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August 29, 2016

Legalese Column: How to Avoid Getting Zoned Out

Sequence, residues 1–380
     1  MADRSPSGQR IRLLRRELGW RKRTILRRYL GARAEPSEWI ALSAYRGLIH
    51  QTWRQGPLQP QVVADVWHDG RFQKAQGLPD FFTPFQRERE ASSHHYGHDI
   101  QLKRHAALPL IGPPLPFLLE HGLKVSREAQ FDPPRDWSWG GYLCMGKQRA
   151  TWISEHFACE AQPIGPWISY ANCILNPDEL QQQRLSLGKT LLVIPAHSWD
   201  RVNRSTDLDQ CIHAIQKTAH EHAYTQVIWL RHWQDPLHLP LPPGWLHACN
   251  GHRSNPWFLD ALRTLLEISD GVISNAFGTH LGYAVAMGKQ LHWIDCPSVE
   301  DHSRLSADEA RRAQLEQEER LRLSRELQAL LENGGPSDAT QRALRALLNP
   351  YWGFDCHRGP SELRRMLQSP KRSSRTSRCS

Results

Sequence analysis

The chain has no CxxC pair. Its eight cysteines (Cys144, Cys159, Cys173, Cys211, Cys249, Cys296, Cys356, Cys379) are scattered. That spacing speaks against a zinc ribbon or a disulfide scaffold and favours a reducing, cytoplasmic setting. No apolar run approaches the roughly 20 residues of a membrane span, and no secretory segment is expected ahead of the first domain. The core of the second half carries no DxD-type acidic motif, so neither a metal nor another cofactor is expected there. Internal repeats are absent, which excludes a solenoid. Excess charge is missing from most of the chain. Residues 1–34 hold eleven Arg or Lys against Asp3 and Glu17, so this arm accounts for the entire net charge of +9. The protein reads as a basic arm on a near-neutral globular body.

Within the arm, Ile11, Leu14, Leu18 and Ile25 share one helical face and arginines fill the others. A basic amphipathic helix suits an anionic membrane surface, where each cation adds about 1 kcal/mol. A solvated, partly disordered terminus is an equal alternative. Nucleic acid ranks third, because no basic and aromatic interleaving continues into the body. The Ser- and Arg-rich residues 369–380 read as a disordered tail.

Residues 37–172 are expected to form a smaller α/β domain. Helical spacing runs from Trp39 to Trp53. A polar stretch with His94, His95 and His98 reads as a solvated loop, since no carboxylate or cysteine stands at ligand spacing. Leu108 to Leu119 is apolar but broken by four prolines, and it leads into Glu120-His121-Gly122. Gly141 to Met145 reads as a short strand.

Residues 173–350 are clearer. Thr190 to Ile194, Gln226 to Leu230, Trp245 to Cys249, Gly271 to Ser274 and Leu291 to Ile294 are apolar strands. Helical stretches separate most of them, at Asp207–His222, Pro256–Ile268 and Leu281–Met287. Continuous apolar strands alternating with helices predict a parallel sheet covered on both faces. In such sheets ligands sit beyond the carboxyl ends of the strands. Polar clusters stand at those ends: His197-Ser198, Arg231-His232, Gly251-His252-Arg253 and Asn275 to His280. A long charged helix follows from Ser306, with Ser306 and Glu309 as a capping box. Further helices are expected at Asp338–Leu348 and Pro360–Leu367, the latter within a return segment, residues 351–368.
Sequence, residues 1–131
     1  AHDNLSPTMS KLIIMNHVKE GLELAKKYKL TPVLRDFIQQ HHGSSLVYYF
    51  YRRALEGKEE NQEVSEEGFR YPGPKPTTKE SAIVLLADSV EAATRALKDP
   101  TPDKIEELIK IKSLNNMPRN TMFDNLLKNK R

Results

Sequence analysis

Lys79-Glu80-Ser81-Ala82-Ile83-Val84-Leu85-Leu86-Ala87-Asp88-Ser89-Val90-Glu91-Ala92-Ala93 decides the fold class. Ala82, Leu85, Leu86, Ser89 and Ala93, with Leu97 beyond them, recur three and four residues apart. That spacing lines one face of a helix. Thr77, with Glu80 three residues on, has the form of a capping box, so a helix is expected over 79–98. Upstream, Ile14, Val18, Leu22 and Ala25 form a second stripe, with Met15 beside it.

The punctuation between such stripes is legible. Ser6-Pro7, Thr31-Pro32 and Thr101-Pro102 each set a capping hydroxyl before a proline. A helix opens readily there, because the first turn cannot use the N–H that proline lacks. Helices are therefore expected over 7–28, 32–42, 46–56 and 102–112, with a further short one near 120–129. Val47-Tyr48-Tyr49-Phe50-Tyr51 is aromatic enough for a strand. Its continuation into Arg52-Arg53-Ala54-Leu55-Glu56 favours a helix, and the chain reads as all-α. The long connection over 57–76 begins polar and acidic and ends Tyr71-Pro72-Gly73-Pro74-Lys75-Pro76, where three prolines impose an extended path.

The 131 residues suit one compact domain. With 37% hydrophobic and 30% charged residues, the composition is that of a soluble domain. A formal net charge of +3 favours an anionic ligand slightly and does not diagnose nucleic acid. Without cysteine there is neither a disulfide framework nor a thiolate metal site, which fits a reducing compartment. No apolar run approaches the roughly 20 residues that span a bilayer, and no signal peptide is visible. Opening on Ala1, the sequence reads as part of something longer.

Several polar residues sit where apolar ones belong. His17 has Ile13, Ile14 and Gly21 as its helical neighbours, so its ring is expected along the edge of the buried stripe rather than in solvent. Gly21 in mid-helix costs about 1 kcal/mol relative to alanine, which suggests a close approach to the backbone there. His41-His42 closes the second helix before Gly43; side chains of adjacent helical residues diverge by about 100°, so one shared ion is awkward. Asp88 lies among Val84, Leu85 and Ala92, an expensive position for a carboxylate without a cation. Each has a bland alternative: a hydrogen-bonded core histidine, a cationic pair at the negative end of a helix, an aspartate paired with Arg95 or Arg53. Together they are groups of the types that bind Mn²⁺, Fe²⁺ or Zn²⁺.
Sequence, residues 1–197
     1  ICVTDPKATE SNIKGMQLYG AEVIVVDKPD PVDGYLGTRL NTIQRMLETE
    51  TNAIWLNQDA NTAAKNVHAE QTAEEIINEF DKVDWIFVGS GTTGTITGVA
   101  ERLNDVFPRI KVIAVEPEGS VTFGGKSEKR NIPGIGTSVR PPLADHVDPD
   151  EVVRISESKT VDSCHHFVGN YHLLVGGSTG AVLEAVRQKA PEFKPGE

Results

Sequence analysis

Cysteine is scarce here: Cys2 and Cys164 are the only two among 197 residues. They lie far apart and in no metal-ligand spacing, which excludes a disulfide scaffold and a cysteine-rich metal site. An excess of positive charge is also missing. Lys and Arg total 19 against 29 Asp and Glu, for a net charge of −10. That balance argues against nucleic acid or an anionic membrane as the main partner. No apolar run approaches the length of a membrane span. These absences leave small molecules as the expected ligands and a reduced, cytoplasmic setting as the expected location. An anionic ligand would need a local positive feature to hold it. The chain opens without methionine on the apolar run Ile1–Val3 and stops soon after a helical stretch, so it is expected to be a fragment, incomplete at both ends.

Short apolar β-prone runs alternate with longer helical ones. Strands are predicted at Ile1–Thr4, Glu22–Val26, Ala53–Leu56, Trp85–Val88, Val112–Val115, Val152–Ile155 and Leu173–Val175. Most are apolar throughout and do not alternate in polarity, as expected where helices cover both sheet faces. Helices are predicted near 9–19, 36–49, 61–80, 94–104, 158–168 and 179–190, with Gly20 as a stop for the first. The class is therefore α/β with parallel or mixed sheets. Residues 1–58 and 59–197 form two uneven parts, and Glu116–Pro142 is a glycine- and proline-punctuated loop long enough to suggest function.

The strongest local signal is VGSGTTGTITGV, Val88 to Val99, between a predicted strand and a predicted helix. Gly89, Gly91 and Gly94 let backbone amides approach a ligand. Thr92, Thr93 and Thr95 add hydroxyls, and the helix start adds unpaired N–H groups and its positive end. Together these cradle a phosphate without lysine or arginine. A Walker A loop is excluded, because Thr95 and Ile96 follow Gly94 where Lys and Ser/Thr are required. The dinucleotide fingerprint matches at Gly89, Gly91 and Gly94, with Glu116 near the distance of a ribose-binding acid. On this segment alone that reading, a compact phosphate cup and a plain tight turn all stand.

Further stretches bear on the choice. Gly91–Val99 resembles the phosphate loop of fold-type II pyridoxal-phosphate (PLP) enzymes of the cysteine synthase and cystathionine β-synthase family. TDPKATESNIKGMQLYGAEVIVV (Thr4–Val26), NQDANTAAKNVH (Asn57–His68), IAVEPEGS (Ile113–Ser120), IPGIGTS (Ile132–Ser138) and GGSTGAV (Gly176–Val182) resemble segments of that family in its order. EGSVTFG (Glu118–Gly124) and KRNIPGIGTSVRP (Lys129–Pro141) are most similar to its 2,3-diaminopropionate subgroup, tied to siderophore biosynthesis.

This article originally ran in the August issue of AVN magazine. Just about every local zoning ordinance now includes special provisions for adult businesses. As we know from the Renton decision, in order to be valid, these ordinances must leave a “reasonable” opportunity for adult businesses to operate within the area which is subject to zoning—city, county, unincorporated county, township or whatever. We also have all learned that the Reagan-packed federal court system’s definition of what is “reasonable” is a far cry from reality. Of late, courts have been tussling with this concept, with mixed results, although mostly bad ones. The two Supreme Court decisions which addressed adult zoning laws are Young v. American Mini-Theatres in 1976 and City of Renton v. Playtime Theatres in 1986. The Young decision upheld Detroit’s prohibition against establishing any one of a number of specifically listed businesses (including adult bookstores and adult theaters) within 1,000 feet of any two that were already there. The City of Renton case approved that locale’s prohibition against opening an adult business within 500 feet of a residential zone (actually, the Detroit ordinance included that feature as well, but that issue was not before the Supreme Court). The typical adult ordinance mimics a combination of what was approved in the Young and Renton cases, generally prohibiting the establishment of an adult business within 1,000 or so feet of another, within 500 or so feet of a residential zone, and within some distance of various other “sensitive uses”—typically places of worship, schools, parks, playgrounds, daycare centers and sometimes some other bizarre things such as cemeteries and government buildings. One wonders what damage would be done to the government by including an adult bookstore nearby. Invariably, if you get a local zoning map and apply all of the various twists of the ordinance to it, by the time you color in the few zones where adult businesses are legal, draw circles around the churches, schools, playgrounds, parks and whatever other sensitive uses are included and then add the spacing for residential zones, you find there’s practically no place in town where you can open your adult emporium. For years now, clients have come to their lawyers bemoaning the fact that the city in which they would like to open has only fifty locations for adult businesses, but none of them are for rent. Thus, the clients complain, it cannot possibly be that the city has left a “reasonable” opportunity for them to open their businesses because there are no opportunities at all. “Not so,” say the courts. In the City of Renton opinion, Chief Justice Rehnquist made sure that adult businesses were not given any special favors. Rather, Justice Rehnquist opined, they must compete in the real estate market just like everybody else. The logical fallacy of that, of course, is that “everybody else” doesn’t have to be 1,000 feet from a school, 500 feet from a residential zone, 850 feet from a church and so on. Nonetheless, the courts have almost universally arrived at the conclusion that the fact that no potential site is for rent or for sale is of no consequence. As a result, it is not all that unusual to see an aspiring adult business operator who has located the perfect site—which means one that is legal—to purchase the building and kick the tenant out. Parenthetically, as mentioned on a number of occasions in this column, purchasing buildings earmarked for adult businesses is not a really good idea. Read on, and you’ll see why. There have been some terrible court decisions which stand for the proposition that nearly zero locations is enough in a very large city. Although these decisions arguably are a product of a combination of very unsympathetic judges and a lack of proof with respect to demand, they nonetheless are on the books. To put all of this in perspective, however, it is necessary to go back to the rudiments of zoning law. When God created the Earth, it was not divided into zoning districts. In fact, the institution of local government existed for centuries before anyone got the idea that there should be zoning. Original thinking held that the owner of a parcel of land owned the “Blackstonian wedge,” which extended from the center of the earth to the heavens and the owner could do with it whatever he pleased. (No mistake in the pronouns here; women could not own land back then.) When America started to become industrialized, however, and cities became congested, it became necessary to do something about regulating the use of land. But at that juncture, property owners—who still were obsessed with the concept of the “Blackstonian wedge”—gave the idea of land-use regulations, such as zoning and building codes, a lukewarm reception at best. Accordingly, the only way that such regulations could pass the “consent to be governed” test was to apply them to new endeavors. Thus began the concept of the “grandfather clause.” “Grandfather” rights exist in most land-use regulations. In roughly twenty states, grandfather rights are part of state law. This is true at every level, including local zoning regulations, the uniform building code and the Americans with Disabilities Act. Operators of retail establishments all are familiar with the latter, which dictates that it now costs $75,000 to build a bathroom, rather than the $5,000 or so it cost before they enacted ADA; restrooms now must be the size of an average tennis court. The bottom line is that in order to make zoning regulations palatable, it was necessary for cities as a general proposition to refrain from upending the status quo. Accordingly, zoning regulations almost invariably only apply to new endeavors. To the extent that they affect existing ones, the ordinances generally allow existing uses to continue for extraordinarily long periods of time, typically twenty to thirty years. These exceptional circumstances are referred to as “amortization,” a term derived from the concept of allowing property owners to realize a return on an investment. Unfortunately, the proponents of anti-adult-use ordinances discovered that reducing the typical amortization period (but only for adult businesses) from the normal twenty or thirty years to perhaps a year or two or three provided an excellent vehicle for doing away with them altogether. As a result, where a tanning factory or a zinc smelter might be allowed to remain in business for twenty or thirty years, or even perhaps for its natural life, before being required to close down and comply with the prevailing zoning regulations, adult businesses find themselves regularly faced with amortization periods of three years, one year or, in some cases, six months. They don’t have enough political clout to fall into line with other businesses; or, put another way, they have so much political opposition that they are unable to do that. The bottom line of all this zoning nonsense brings us to the question of what number of adult business sites is actually sufficient. The worst results along those lines probably come from Chicago, where the Illinois Supreme Court found that a handful of locations in the unincorporated portions of Cook County were sufficient and the 7th Circuit found that an even smaller handful in the entire City of Chicago (3 million people!) was sufficient. Perhaps the best result came from Los Angeles where the court held that the number of locations was insufficient, although numerically something like 2 to 3 percent of the city was available. The court found that so many of the locations were implausible—such as the airport, the harbor, Dodger Stadium, and so on—that realistically the available places for the businesses to relocate did not allow the displaced existing businesses a reasonable opportunity to move. Caveat: Grandfather clauses almost universally have a “use it or lose it” clause. That is, if a grandfathered use voluntarily ceases for some period of time—typically six months to two years—grandfather rights are lost.